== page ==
I have to compose some ideas for a speech I'm giving tomorrow at the USAF Croughton peace rally. I could do it sat in front of a computer, but as I know all the relevant material I decide to do it on an evening walk instead. Climbing out of the valley through Banbury, on reaching the southern flank of Crouch Hill1 I see, glancing over my shoulder, the object of my solitary dialogue shining in the low-angle sunlight.
You can also download a version of this 'musing' as a PDF file
Thirty years ago I used to lead walks across USAF Croughton2 – an old World War Two airbase taken over by the American air force in the 1950s and developed into a major link in their global communications network. These were legal walks – although we were still hassled by armed soldiers! There was an ancient right of way across the site, and by walking it we established its existence and it had to be officially recognised; at which point the Government diverted it around the southern side of the base3, after which the walks ceased. Now I'm going back tomorrow to talk about my ongoing interest in Croughton, but also my more recent research in to drones and "cybernetic warfare", or "cyberwar" – an area I believe will become a big issue for not just peace groups, but for civil society in general, because of the implications it has for everything from civil liberties to employment.
The changes to the operational layout of USAF Croughton – and the simultaneous decline of its nearby outstation, USAF Barford St. John4 – are testament to the changes that technology has brought to military planning and operations over the last thirty years. At the same time the site has become more noticeable within the local area. As I look south-east across the Cherwell valley, above the rooftops of Bodicote and spire of Kings Sutton, the masts and "golf balls" have become more visible over recent years. In fact, it's even more noticeable from the western aspect, particularly from Whichford Heath5 above Hook Norton. Curiously, in some ways this transformation also reflect changes in my own technical and professional interest in computers, communications and technology.
It was my interest in radio and short-wave that aroused my interest in these bases, well before I got into peace campaigning. From the late 1980s through the 1990s my interest shifted from radio towards computers and the Internet (I got on-line in 1989!). Around the same time USAF Croughton lost some of its radio masts and started building more radomes6 to support digital satellite-based communications. At the end of the 1990s I started working with activists around the world on campaigns based around Internet "hacktivism"7, using computers and computer networks as a tool for action8 and protest9 – just as the US defence establishment was shifting into satellite and network-based mass surveillance, in pursuit of what they called "next generation warfare"10.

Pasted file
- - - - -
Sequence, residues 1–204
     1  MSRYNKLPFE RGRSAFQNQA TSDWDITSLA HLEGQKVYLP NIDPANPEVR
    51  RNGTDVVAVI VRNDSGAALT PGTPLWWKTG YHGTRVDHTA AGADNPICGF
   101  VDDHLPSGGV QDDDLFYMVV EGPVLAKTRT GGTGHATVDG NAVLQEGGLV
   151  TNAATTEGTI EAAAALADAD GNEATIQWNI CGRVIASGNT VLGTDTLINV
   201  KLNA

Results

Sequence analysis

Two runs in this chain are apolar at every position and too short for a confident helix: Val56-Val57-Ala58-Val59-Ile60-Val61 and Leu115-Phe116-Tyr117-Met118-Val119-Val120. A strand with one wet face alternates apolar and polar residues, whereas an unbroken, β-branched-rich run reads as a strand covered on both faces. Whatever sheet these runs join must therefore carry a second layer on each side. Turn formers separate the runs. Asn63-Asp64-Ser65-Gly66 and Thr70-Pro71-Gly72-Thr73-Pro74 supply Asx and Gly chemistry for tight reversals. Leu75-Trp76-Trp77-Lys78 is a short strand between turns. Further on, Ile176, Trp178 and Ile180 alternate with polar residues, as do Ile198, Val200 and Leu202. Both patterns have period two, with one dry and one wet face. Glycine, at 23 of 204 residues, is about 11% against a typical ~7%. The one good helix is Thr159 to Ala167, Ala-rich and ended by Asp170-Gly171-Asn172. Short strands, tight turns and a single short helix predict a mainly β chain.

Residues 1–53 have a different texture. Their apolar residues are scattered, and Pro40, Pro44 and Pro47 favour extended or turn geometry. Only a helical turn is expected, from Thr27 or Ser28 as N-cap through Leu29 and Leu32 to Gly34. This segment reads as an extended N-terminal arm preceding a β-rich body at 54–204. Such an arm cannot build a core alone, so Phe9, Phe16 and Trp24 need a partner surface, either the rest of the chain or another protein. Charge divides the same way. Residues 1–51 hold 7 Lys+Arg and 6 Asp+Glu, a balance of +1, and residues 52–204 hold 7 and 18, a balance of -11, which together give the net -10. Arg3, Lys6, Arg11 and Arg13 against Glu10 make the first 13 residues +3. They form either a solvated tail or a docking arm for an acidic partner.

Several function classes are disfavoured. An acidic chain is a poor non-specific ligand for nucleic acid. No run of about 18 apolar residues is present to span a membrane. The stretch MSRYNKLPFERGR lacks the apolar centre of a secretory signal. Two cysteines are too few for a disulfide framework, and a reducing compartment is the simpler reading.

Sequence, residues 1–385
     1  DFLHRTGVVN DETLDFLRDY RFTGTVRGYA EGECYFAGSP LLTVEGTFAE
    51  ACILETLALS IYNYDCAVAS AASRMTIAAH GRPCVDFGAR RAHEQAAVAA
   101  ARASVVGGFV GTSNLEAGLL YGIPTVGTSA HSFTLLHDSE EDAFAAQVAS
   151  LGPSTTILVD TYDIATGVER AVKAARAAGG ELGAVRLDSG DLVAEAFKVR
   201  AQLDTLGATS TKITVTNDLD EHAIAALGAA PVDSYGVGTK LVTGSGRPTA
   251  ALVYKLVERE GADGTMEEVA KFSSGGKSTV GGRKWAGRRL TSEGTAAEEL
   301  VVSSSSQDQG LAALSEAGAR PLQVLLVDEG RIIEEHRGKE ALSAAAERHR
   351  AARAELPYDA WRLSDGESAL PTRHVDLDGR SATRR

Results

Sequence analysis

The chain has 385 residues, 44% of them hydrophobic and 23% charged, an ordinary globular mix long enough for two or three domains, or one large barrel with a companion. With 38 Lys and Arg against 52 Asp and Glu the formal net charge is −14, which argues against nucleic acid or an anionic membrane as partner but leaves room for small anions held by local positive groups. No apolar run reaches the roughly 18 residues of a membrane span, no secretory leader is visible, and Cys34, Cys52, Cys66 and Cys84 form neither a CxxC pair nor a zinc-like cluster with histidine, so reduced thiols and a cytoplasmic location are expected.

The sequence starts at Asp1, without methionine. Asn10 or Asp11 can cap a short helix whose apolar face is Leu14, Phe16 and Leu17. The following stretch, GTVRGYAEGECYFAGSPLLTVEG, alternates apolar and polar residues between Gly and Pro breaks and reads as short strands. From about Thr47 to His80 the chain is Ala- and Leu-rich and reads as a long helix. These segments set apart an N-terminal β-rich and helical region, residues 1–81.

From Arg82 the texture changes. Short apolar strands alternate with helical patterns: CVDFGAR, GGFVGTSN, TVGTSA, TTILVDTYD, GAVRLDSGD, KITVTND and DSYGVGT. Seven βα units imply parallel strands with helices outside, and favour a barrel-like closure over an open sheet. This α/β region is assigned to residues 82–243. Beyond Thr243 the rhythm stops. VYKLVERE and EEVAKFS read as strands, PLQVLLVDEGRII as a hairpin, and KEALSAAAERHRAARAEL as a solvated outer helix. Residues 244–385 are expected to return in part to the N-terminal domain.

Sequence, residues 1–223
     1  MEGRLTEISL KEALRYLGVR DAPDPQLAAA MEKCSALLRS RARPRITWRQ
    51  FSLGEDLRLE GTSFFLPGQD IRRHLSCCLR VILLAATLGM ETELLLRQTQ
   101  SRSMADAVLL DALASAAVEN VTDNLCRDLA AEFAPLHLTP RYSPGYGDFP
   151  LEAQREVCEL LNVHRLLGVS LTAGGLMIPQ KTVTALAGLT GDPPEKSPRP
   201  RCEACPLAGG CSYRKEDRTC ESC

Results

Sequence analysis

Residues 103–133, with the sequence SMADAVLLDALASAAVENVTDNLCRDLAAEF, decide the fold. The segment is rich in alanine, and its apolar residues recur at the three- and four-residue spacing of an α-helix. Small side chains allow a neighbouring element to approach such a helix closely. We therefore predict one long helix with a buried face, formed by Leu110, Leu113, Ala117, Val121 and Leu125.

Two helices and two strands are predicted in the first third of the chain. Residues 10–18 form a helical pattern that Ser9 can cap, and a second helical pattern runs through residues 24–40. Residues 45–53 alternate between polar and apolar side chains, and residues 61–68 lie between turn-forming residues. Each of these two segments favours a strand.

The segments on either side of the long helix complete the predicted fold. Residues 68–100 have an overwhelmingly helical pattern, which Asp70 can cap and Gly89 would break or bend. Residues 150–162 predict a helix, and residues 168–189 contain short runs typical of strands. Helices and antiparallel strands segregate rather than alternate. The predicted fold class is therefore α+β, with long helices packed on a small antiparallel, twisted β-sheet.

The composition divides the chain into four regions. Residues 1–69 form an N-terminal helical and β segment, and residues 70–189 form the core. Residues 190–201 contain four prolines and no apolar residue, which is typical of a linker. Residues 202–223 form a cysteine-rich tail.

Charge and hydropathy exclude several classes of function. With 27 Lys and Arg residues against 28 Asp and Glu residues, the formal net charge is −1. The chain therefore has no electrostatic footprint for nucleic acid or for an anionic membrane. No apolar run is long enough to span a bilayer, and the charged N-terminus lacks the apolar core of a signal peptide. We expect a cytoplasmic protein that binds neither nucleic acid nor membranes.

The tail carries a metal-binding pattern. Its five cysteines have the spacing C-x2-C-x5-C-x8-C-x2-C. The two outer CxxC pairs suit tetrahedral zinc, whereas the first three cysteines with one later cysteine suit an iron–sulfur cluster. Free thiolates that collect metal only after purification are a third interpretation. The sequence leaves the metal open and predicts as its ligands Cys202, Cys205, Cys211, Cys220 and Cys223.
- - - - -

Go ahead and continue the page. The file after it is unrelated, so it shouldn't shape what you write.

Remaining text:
During the 1990s, seeking to consolidate their advantage in the post-Cold War world, and moving on from the over-ambitious Reagan-era Strategic Defense Initiative11 (a.k.a. "Star Wars") programme, the US military instituted a new policy called "full spectrum dominance"12. This was an attempt to introduce new, practical technological capabilities13 to the military which sought to control not just land, sea and air, but also space, the radio spectrum and computer networks. This involved far more than just networking US military installations; the technology grew symbiotically with the development of the Internet itself. And as the use of digital and mobile communications has increased around the globe, so the use of ground- and space-based information gathering to monitor these networks has grown alongside them. And with these new capabilities, the agencies which use that information, such as the NSA14 and CIA15, swelled too (one curious note, the CIA's headquarters is based in Langley, Virginia, and the main road through USAF Croughton is called "Langley Avenue").
As the use of the Internet and social media services has grown, the govern-mental monitoring of these networks has grown to exploit the new mass surveillance capabilities that these systems create. From the recent revelations about the organised state surveillance of Western citizens by Edward Snowdon16, to the indiscriminate war-fighting techniques documented in the classified files disclosed by Chelsea Manning17, to the greater use of drones and computer technology to track, target and destroy "the enemies of freedom" – all these developments have evolved from the impetus for greater technological capabilities ushered in by the "full spectrum dominance" policy...
...and Croughton is an important way-station in maintaining the operation of those systems.